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converse most. And hence it comes to pass, that Men do really value themselves, and place their top Character and Perfection in things, which, were they to consider them, would appear the most beastly, shameful, and unworthy, the most destructive of their own and other Men's Happiness, of any they could have singled

This Affection therefore calls us to our Guard, as it yields us many Pleasures, many that are deceitful and dangerous, and which of consequence must be examined warily, and chose or rejected with great Caution. . Much is due to Society, much Complaisance and Compliance. A stiff and churlish Behaviour is odious and insupportable, it neither gives nor receives Pleasure. But too caly a Temper, a Promptness to oblige others without Reserve, gives indeed and receives Pleasures, but such as are closely followed by Misery and Ruin. Such

a Con

a Conduct, our own and other Men's Happiness forbid. And should it lo happen, and so it will happen in the greatest Part of the Conversation of the World, that we must fall under their contempt, unless we conform to their Manners, the Regard we owe to them as well as ourselves, will induce us to chuse the Disgrace as the less Evil; and we must deny ourselves the Pleasures of Conversation, where they cannot be purchas'd but at too dear a Rate. It is indeed a severe Case, when things are lo circumstantiated as to demand of us an almolt total Restraint of so delectable an Affection; an Affection so fruitful of Pleasure, lo adapted to Publick and Private Interest. But when the Exercise of it is so perverted, there is no Remedy: We have more Affections than one to gratify, and are so consticuted, that

an excessive Indulgence of any one must impair and weaken


the rest in proportion to its Degrees and Duration, and in some Instances close up and destroy the very Sources of Pleasure themselves, and cancel some other Capacities of En oyment. In our Conversation with the World therefore, in displaying our own Excellencies, and recommending ourselves mutually to each other's Favour and Esteem, and furnishing out our several Shares of Pleasure and Entertainment, we must well consider, what things are really excellent and creditable, what is, upon the whole, pleasant and entertaining, and what is most so, in its Degrees; otherwise we shall fall in with every extravagant Humour, applaud and be applauded for, the most dishonourable and scandalous Atchievements, and administer Pleasures, which will too soon, and perhaps too late for any remedy, shew chemselves to be the greatest of Evils. Vol. I. K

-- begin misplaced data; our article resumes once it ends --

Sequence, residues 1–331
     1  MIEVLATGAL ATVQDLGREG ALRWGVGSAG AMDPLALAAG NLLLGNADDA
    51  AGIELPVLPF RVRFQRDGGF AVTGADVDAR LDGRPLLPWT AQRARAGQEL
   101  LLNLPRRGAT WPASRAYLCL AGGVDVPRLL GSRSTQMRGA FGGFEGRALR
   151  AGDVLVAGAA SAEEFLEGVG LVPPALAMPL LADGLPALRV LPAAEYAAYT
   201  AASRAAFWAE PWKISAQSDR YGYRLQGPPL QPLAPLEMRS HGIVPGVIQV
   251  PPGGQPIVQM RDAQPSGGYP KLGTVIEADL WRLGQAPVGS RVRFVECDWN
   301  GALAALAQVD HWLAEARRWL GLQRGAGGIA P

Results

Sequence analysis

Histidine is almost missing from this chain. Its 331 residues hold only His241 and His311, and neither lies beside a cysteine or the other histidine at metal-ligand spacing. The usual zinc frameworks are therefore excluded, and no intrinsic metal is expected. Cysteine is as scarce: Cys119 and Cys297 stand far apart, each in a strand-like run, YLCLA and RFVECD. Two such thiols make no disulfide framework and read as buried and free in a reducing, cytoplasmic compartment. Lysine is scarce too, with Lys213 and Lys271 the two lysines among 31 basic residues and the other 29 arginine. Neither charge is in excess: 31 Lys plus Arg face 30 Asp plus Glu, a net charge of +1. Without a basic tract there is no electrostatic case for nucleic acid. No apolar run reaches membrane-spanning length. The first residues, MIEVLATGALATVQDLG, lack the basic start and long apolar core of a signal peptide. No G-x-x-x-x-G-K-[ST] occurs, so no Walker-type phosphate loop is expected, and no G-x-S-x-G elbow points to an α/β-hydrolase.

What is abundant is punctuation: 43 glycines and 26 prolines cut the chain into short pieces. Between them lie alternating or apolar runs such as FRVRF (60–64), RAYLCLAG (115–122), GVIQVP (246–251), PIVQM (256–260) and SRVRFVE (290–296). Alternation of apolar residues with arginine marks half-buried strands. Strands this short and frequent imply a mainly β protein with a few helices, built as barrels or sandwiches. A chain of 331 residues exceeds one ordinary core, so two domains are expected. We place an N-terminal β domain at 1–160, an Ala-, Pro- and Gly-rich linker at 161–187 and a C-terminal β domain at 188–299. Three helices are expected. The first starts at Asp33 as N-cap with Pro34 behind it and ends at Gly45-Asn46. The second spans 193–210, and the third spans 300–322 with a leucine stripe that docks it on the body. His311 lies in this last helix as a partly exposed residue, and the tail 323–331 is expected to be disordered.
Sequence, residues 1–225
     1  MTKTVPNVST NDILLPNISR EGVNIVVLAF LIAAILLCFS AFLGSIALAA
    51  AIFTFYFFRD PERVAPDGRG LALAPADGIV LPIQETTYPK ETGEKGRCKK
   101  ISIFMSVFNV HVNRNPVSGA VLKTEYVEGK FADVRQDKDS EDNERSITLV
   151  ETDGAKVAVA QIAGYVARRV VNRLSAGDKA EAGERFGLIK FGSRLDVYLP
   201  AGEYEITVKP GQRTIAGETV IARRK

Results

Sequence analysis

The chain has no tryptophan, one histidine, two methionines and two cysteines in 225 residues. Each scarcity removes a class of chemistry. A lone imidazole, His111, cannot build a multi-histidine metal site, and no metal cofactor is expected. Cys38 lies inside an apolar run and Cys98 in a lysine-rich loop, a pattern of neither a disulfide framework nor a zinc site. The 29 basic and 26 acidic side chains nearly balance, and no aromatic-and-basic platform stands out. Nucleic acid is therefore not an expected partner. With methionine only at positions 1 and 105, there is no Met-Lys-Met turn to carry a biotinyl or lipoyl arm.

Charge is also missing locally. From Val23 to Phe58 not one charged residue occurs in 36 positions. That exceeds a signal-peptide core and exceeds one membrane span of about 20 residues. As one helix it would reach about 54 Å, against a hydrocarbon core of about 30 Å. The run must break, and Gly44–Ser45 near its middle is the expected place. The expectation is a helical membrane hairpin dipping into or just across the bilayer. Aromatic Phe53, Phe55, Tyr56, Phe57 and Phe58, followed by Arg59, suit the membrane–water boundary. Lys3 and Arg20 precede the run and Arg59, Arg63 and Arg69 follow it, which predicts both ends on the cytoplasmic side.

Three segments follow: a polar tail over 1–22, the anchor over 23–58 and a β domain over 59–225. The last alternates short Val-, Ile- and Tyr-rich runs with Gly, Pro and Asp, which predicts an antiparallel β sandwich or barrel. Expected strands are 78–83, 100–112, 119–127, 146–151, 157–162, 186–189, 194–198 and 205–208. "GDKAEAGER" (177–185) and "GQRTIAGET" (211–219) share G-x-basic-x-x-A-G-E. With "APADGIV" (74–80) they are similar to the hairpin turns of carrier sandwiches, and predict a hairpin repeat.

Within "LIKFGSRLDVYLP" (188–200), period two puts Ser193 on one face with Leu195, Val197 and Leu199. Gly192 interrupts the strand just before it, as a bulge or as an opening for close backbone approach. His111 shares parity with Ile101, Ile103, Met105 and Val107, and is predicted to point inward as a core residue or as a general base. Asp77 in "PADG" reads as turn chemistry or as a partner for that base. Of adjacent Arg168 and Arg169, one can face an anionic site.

There is a third Affection, which how necessary and good soever it be in it self, has and still does cause the greatest possible Irregularities and Diforders: We see Men daily hazard all to provide for the undue Gratification of it. An Affection, which is ca. sily gratify'd, in the Order of Nature, but out of this Order, does not only defeat the Design of its Institution, but is attended with innumerable other Evils and Mischiefs. What I mean, is that which is emphatically stiled the Lust of the Flesh. The Regulation of this Affection is so well known, that nothing particular need be faid of it. All who offend in this point, offend not through Error but Wilfulness.

I come in the last place to consider the Relations we stand in to God, and the Acts of Self-Denial, which may arise out of thosc Rela


As God is a Being of infinite Wif dom and Goodness, so we may assure our selves, that he can place his Creatures in no Relation to himself, but what must be wise and good. Whether we consider his abstract Nature, or the Manifestations of himself in his Works, or his Word, Infinite Perfection displays it felf; All is Grace and Truth and Wisdom. That there is much Evil in the World, both natural and moral, is not to be dissembled or denied. But the moral is wholly of our own making, and much of the natural does evidently proceed from it; and cho' we cannot distinctly fee, how the other Kind of natural Evils, viz. those which we are no ways the Authors of, are intended us for Good, and are really Favours and Blessings; yet have we the utmost Reason to conclude in general, that they are such. Because it is impossible, that a Being, whose Bounty and Beneficence is lo

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